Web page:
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Birthright should Promote Human Rights not Occupation

August 12, 2010 – 11:25 am126 Comments

By Larry Stillman

In July, Coteret, an Israeli news site, reported that Australian young people were taken on a tour of central Hebron by Birthright/Talglit, a program that has brought hundreds of thousands of young Jews to Israel.  The video featured interviews with some of the participants and an Orthodox, American organiser.   The tour was run by Chabad, who have a long history in Hebron, in conjunction with Israel Express and the Zionist Federation of Australia.

The video, which is still available on Coteret even though it was removed from it’s original source at WeJew.com, probably when it twigged that the visit was controversial, is particularly scary because of the naïveté of the young people – who think they are in Israel. The interviewer and organiser share a pumped up view of eternal rights in Hebron, despite the reality of extraordinary injustice to others to achieve this. I’d love my son to go on ‘Birthright’, but not on such propaganda tours that dehumanize Palestinians.

That ‘downtown’ Hebron, around the Tomb and Mosque of the Patriarchs or the old Casbah is a flashpoint, is an understatement.  Of course, Hebron has a sorry history in modern times, going back to the massacres of 1929, but this is no excuse for current behaviour by ‘settlers’. The Goldstein massacre in 1994 only intensified the tensions between the communities. The Israeli army has to maintain a very large presence to secure the safe passage and complete dominance of a few hundred settlers who make life hell for the Palestinian residents and have no compunction in taking over homes.  Economically, the locals have suffered enormously. Acts of vandalism and violence by settlers including their children are well-documented. Checkpoint abuses are frequent and monitored by organizations such as Mahsom Watch.

The tour was conducted in clear breach of  ‘Birthright’ policy.  Their website has the following stipulation: ” Our tours do not travel to or through areas of the West Bank, Gaza or East Jerusalem, other than the Jewish Quarter of the Old City (changes are possible when permitted by the security authorities).”   It’s pretty scary that these tours are being hijacked for pumping kids full of the most extreme form of  ‘birthright’ Zionism. Alignment with current Israeli politics of repression or an absolutist view of religious history are not a very good example of respect for the rights of other people.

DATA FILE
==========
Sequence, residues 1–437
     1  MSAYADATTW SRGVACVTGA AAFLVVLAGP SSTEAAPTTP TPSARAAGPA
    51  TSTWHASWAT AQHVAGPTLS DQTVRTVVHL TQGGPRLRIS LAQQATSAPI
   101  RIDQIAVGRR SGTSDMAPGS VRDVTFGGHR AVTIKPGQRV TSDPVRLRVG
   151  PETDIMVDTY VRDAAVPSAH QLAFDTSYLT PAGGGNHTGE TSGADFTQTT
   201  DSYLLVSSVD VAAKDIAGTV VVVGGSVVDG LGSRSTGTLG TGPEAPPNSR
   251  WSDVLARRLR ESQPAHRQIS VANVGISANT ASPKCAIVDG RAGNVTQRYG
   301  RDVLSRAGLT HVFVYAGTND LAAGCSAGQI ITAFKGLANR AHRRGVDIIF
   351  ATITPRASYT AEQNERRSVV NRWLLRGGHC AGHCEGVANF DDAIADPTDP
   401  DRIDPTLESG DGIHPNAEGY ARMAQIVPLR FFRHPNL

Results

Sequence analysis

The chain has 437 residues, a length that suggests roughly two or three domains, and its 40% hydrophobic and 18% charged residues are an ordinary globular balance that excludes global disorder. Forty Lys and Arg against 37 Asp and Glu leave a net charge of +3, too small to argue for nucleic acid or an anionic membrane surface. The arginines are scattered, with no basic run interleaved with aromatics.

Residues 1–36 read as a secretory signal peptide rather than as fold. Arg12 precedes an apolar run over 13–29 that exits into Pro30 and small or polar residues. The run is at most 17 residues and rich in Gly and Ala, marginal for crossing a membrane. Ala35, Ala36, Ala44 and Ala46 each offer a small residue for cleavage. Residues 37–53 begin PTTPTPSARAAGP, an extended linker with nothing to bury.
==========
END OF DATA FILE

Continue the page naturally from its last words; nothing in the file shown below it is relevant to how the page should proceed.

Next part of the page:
It also appears that Birthright kids have done other exciting things like visit an outpost overlooking Gaza and use it as a ‘photo opportunity’.  How nice. Nothing like an Arab refugee encampment in the background. Of course, technically, such visits are within Israel, but it gives the impression that Birthright is about short-term brainwashing of young people with the hope that they become strong converts and unquestioning supporters of Israel.

Palestinians are real people whose rights are trampled on, and an example that has hit the headlines has been the   destruction of a  ‘unrecognized’  shantytown of  very poor Bedouin in the northern Negev.  High school volunteers took part in this destruction.   A hard line is being undertaken towards such settlements to make way for JNF forests and later on, Israeli housing  ( some call this ‘greenwashing’ of Palestinian presence). One Israeli critics calls such actions ethnic cleansing and forced urbanization .  I find that kind of language painful to use, but it appears accurate.

It needs to be remembered that the Australian JNF has a special association with the Negev as well, and supports community development for the Bedouin, though the effects of such community development are disputed.  Whatever the case, we are vicariously linked with what goes on.  Of course, I am not associating Taglit-Birthright or the Australian JNF with such extremism, but they are all part of a disturbing pattern that can be no longer ignored as Israel embarks on an all-out campaign to ‘explain’ itself.  Such things can’t be easily explained away.  We should stand up for the underdog in Israel.

My opinion of the presence of young Australians in Hebron and others having photo ops over a community in a state of siege, or the presence of Israeli kids in the destruction of a village may make you very angry because I take the view such acts they are antithetical to human rights by Israel and in the Occupied Territories.

Of course, vehement anti-Zionists argue that these activities and attitudes are inherent in  Zionism.  I actually think that Zionism is far more heterogeneous but it is undeniable that something is fundamentally wrong in the examples I have cited.

Where do we go from here?  If the solution is ultimately to broker peace between Israel and the Palestinian people, then what should Birthright be doing to promote peace making and the fulfilment of a peaceful and democratic dream for all communities?  There are many other organizations in Israel (and even on the West Bank) which could both provide impressionable young people with exposure to identity the meaning of  human rights and democracy for both communities.

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